Expert Tips for Identifying and Avoiding Pickpockets

pt1We all know about the ‘clumsy’ passerby who bumps into you and rifles through your pockets, or the ‘helpful’ photogue who offers to snap a few shots of you and your loved ones, only to make a daring escape once the camera is in his hand. Many of us even know that, ultimately, the best way to avoid being stolen from is by keeping wallet, passport and other valuables in a fanny pack (call it a ‘money belt’ if that helps you). But as some telltale pickpocket moves have become widely known, these crafty little buggers have been forced to invent new ones.

The Old Poop Ruse

Although some cultures consider it a sign of good luck, most of us would rather go about our day without catching a direct hit from a pigeon, seagull or other species of sky rat. And should we end up with poop on our shoulder or head, the kindness of strangers becomes invaluable. But if a concerned individual approaches and offers to help you clean it off, you may just want to politely decline. According to Bob Arno, arguably the world’s foremost ‘professional pickpocket’, not only is this character probably a pickpocket — chances are he or she is the one who adorned you with bird droppings. And while practitioners of this trick have historically used fake feces, many use the real stuff today.


Go Against Those Natural Urges

Here’s an old police trick: when questioning suspects during a traffic stop, watch their eyes when they are asked if a gun (or drugs, kidnap victim, et. al) is inside the vehicle; if the answer is yes, then one or more will almost certainly glance toward wherever the contraband is located. According to HotelClub Travel Blog, pickpockets also know this trick (to be fair, it’s pretty much Psych 101). So if you’re in a crowd and someone shouts out, ‘Thief!’, the last thing you should do is give yourself a pat-down to ensure your belongings are secure. Chances are someone is watching you, and when you think the coast is clear that’s when they’re likely to lift your valuables.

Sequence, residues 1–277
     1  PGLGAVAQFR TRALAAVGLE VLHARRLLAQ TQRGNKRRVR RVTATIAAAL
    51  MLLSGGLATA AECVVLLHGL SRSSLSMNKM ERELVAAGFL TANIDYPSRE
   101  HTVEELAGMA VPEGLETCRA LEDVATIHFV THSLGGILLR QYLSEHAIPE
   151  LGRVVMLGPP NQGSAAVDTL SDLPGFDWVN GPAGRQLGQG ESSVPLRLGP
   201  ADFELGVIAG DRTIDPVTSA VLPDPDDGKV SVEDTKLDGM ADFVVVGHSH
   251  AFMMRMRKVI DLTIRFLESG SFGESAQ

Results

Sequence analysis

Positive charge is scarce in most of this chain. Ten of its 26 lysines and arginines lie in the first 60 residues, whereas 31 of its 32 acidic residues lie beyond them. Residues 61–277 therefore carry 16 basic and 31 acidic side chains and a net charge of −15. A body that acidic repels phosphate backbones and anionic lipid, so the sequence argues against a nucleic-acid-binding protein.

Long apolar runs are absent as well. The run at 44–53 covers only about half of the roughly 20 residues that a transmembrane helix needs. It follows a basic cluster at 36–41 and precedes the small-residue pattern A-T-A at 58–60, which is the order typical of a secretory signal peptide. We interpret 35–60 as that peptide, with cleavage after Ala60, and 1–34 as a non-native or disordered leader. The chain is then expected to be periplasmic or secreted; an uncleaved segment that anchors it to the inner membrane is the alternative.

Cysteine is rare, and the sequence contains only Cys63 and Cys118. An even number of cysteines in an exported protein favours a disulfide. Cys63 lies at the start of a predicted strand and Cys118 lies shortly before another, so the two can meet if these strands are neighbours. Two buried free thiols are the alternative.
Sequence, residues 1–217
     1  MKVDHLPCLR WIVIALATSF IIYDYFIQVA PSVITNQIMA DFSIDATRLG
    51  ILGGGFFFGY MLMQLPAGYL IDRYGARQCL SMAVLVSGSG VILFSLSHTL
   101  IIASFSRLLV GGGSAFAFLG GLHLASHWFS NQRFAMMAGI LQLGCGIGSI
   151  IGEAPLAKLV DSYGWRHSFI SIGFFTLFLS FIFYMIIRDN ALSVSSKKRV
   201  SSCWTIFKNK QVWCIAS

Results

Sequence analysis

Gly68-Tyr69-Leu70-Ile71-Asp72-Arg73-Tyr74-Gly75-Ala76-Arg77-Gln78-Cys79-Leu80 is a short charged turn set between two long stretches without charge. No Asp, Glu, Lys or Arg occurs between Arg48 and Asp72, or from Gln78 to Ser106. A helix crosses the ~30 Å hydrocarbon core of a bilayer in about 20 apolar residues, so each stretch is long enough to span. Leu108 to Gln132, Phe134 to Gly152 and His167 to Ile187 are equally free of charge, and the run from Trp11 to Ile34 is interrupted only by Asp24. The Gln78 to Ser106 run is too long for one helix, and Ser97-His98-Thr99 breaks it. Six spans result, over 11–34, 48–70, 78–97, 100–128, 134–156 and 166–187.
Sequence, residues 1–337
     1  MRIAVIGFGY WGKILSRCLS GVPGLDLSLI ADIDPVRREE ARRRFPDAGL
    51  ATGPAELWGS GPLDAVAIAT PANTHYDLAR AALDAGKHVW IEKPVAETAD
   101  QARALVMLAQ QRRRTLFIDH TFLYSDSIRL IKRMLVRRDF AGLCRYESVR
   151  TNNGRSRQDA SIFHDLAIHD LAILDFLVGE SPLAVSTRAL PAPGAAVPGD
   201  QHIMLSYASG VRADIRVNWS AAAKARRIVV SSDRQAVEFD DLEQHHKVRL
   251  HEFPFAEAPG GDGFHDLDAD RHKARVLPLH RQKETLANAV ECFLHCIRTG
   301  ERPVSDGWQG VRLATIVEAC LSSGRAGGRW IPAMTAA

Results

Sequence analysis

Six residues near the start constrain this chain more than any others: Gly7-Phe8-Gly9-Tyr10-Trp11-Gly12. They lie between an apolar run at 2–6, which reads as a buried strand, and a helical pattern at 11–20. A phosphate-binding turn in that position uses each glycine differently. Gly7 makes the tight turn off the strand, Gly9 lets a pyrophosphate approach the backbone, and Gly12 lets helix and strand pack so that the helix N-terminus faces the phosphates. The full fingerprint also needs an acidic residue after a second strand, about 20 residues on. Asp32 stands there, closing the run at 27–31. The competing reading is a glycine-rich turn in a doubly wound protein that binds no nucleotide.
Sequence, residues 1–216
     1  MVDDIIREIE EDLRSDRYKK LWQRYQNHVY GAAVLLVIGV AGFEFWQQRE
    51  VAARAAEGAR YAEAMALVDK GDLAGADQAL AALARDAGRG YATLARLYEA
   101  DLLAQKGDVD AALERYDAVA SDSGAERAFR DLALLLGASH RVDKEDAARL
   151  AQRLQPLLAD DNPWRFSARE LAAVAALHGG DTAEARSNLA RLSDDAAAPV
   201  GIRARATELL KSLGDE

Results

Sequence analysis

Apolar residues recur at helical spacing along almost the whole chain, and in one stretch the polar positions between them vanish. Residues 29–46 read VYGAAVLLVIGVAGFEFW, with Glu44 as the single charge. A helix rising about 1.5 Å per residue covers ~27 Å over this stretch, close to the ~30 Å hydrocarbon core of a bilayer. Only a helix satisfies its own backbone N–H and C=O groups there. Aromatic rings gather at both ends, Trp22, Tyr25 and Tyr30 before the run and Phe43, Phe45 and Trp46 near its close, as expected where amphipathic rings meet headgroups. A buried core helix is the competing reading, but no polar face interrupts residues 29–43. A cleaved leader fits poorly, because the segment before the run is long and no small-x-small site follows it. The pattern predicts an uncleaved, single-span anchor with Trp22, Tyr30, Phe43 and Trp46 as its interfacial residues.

Keep an Eye on Your Lens

Some thieves want your money, and others want your passport. According to Paul Wilson of BBC’s The Real Hustle, there are even pickpockets who want your camera lens. These thieves typically work in pairs; one will approach the tourists and inquire about something innocuous, while the other casually slips a hand into their camera bag and deftly removes the lens without being noticed, or even causing that much damage to the camera (it won’t work, of course, but the lens can be replaced). All the more reason to Instagram your vacation, or at least keep your camera really secure whenever you’re in a public place.

No to Money Pouch Lanyards, Yes to Velcro

John P. Harrington of The Boston Globe recently described an altercation he had with a would-be thief in Barcelona, and the valuable lesson he subsequently learned: “wallets don’t belong in back pockets”. In general, travelers should practice ‘defensive tourism’ by reducing their overall vulnerability to pickpockets. Don’t bother with those money pouches that are worn around the neck. “The cord around the neck is a dead giveaway,” Harrington notes. “The thief is going to rip it off, and it will hurt.” A traveler’s “best friend”, he says, is Velcro; not only are Velcro pockets sealable, but they produce a distinctive sound when opened. Or as Harrington calls it, “a built-in alarm on your pants”.

pp1Don’t Hate on the Housekeeping

A common misconception among travelers is that leaving your valuables in a hotel room is just as risky as carrying them on your person — chambermaids with sticky fingers, and all that. But not so, says European travel guru Rick Steves. He encourages tourists to leave behind computers, tablets, smartphones, and other expensive items — as long as they’re tucked away and out of sight, hotel staff probably won’t even bother. If the hotel has a safe, all the better. But don’t assume that every hotel employee wants to swipe your stuff.”Theft happens, of course, but it’s relatively rare,” Steves says. “Hoteliers are quick to squelch a pattern of theft.”

The Worst Cities for Pickpocketing Are…

Many American tourists envision Europe as a giant pickpocket manufacturing facility, but the reality is that the incidence of thievery is much higher in certain cities. Like Barcelona. According to The Huffington Post (and pretty much everyone else), this shimmering Mediterranean destination is the world’s worst city for pickpockets. The other main offenders (ranked in descending order) are: Rome, Prague, Madrid, Paris, Florence, Buenos Aires, Amsterdam, Athens, and Hanoi. Way to represent for petty theft, Europe!

By Brad Nehring 

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